What is ESP, and ESC on a car?
Since 2014, every new car in Europe has been fitted with Electronic Stability Control – but what is ESC, and what is ESP for that matter?
ESC (or ESP) has a reputation for being one of, if not the- best modern safety feature for motorists. In terms of how well it is regarded, it has seatbelts and airbags to compete with, but apart from that Electronic Stability Control is in a league of its own. However, while airbags and seatbelts step in when things have gone properly wrong, ESC works behind the scenes to make sure the worst doesn’t happen in the first place.
In the interest of being thorough, ESC stands for Electronic Stability Control and ESP stands for Electronic Stability Programme. They are one and the same, and even though two names for the same thing seems unnecessary, research has proven that the systems do help keep motorists safe. UK statistics suggest that drivers reduce their chances of being in a fatal accident by 25 per cent by using an ESP equipped car. But our scandinavian neighbours in Sweden have gone one further, and claimed that drivers of ESP equipped cars are 32 per cent less likely to be involved in a fatal crash when driving in poor weather conditions
While crashing is not the cheeriest of thoughts, Electronic Stability Control clearly works. The powers that be in Europe agree, as all new cars sold since 2014 have had to have the ESP tech fitted.
How do ESP and ESC work?
With new cars having such a massive range of electrical systems – each with its own indecipherable acronym – it is not in the least surprising that many people get confused. In this case the situation is not helped by the fact that a variety of acronyms are used to mean the same thing – depending on which manufacturer you’re talking to.
So ESP (Electronic Stability Programme) is variously known as ESC (Electronic Stability Control), VSC (Vehicle Stability Control), VSA (Vehicle Stability Assist) or DSC (Dynamic Stability Control). Some carmakers use their own in-house ‘brands’ to promote ESP too, so you might come across Volvo’s DSTC (Dynamic Stability and Traction Control) or Porsche’s PSM (Porsche Stability Management), for example. So now we’ve cleared that up, let’s take a look at how ESP works.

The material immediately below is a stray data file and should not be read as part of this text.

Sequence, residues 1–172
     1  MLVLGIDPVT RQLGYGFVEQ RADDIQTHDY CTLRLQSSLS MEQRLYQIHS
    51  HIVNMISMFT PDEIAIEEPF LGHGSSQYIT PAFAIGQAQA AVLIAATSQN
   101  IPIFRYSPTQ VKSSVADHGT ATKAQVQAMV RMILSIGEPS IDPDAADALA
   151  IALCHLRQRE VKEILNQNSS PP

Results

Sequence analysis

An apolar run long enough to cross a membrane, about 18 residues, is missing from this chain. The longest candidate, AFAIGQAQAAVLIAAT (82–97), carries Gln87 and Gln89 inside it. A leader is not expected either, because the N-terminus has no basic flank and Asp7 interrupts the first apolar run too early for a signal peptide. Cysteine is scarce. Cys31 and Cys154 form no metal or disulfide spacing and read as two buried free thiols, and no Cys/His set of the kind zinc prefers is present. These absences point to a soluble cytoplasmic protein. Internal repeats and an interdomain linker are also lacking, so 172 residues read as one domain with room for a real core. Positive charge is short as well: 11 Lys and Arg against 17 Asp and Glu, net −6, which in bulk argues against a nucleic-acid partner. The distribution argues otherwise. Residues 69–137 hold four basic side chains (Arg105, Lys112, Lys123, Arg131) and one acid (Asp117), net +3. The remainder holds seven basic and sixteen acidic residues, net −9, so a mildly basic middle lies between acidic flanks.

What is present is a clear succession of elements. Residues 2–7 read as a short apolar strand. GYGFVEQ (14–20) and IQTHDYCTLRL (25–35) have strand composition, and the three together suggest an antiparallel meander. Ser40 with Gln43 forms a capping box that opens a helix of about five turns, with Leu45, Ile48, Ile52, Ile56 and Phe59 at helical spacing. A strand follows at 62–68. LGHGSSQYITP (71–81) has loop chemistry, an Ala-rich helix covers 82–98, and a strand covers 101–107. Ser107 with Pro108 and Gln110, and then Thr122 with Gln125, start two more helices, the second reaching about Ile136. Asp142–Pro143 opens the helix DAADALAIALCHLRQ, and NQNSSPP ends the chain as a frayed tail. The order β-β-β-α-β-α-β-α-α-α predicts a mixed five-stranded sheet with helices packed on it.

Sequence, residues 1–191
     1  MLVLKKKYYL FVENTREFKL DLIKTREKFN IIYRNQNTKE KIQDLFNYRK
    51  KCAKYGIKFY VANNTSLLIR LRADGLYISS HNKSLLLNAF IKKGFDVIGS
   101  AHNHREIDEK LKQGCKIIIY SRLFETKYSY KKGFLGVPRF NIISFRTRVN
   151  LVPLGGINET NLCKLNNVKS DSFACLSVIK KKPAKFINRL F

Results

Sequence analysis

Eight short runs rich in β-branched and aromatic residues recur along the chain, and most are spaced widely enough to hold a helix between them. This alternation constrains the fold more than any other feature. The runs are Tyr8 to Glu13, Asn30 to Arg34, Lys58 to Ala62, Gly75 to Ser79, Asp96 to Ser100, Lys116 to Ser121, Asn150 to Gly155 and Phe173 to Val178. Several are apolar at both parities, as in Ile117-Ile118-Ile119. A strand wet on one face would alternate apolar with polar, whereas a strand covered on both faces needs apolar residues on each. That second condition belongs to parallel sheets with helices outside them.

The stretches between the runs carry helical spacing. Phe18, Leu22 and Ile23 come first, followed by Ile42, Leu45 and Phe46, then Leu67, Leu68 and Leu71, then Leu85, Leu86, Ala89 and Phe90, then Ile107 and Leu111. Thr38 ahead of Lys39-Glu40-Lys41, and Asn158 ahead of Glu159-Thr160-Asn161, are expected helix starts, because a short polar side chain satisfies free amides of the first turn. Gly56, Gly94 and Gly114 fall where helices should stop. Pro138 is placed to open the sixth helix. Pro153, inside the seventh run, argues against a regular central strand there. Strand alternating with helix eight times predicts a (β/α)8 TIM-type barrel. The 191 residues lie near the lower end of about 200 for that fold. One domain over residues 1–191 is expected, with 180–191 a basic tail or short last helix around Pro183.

Adding a third dimension to ABS and Traction Control
Before you can have ESP, first you need ABS (Antilock Braking System) and TCS (Traction Control System). In their simplest form, these two systems work to keep the car under control when slowing down (ABS) or accelerating (TC), so are basically intervening in your car’s longitudinal dynamics.
ESP adds an extra dimension, as it intervenes in the lateral plane, working to correct unwanted sideways motion that could otherwise result in serious understeer or oversteer, and preventing lateral skids. At least up to a point, as statistics suggest ESP can only avert 80 percent of skidding incidents, although with skidding involved in 40 percent of fatalities on the road, it’s easy to see why ESP so improves outcomes. Even so, it’s worth keeping Scotty of the USS Enterprise’s words in mind: ‘Ye cannae change the laws of physics!’
Extra stability while cornering with ESC
As ESP provides an extra layer of safety on top of ABS and TCS, you won’t be surprised to learn it uses much of the hardware from those systems to operate.
Using sensors to measure the speed of individual wheels, as well as information from lateral acceleration sensors and yaw-rate sensors, the ESP control unit is constantly monitoring the car’s sideways movements and relating them to the degree of steering wheel inputs.
If and when the car doesn’t respond to a steering input as expected – or if a steering or acceleration input is itself so great it begins to unsettle the car – then the ESP will brake wheels individually in an attempt to steer the car safely along the line the driver intended.
Added benefits of ESC
Because ESC is able to brake the car’s wheels independently of the pedal being applied, it opens the door to various other safety technologies. These include Brake Assist, where braking distances are reduced if the car senses the driver isn't braking as hard as they might in an emergency situation, and Hill Hold Control. The latter works by keeping the brakes on for a couple of seconds after the brake pedal is released during a hill start, thus stopping the car from rolling back.
Commercial vehicles fitted with ESC can have additional sensors that measure load weight and position, and adapt the ESC responses accordingly. This maximises the stabilising effect of ESC interventions however a vehicle is loaded, and ESC responses can even adjust ‘mid-incident’, should a load shift during cornering or braking.
ESP also provides a cheap and efficient tyre pressure monitoring system. Because it measures individual wheel speeds, ESP can tell if a tyre is losing pressure as it will affect the rotation speed of that wheel only.
Has your car's ESC system ever prevented you having an accident? Let us know in the comments...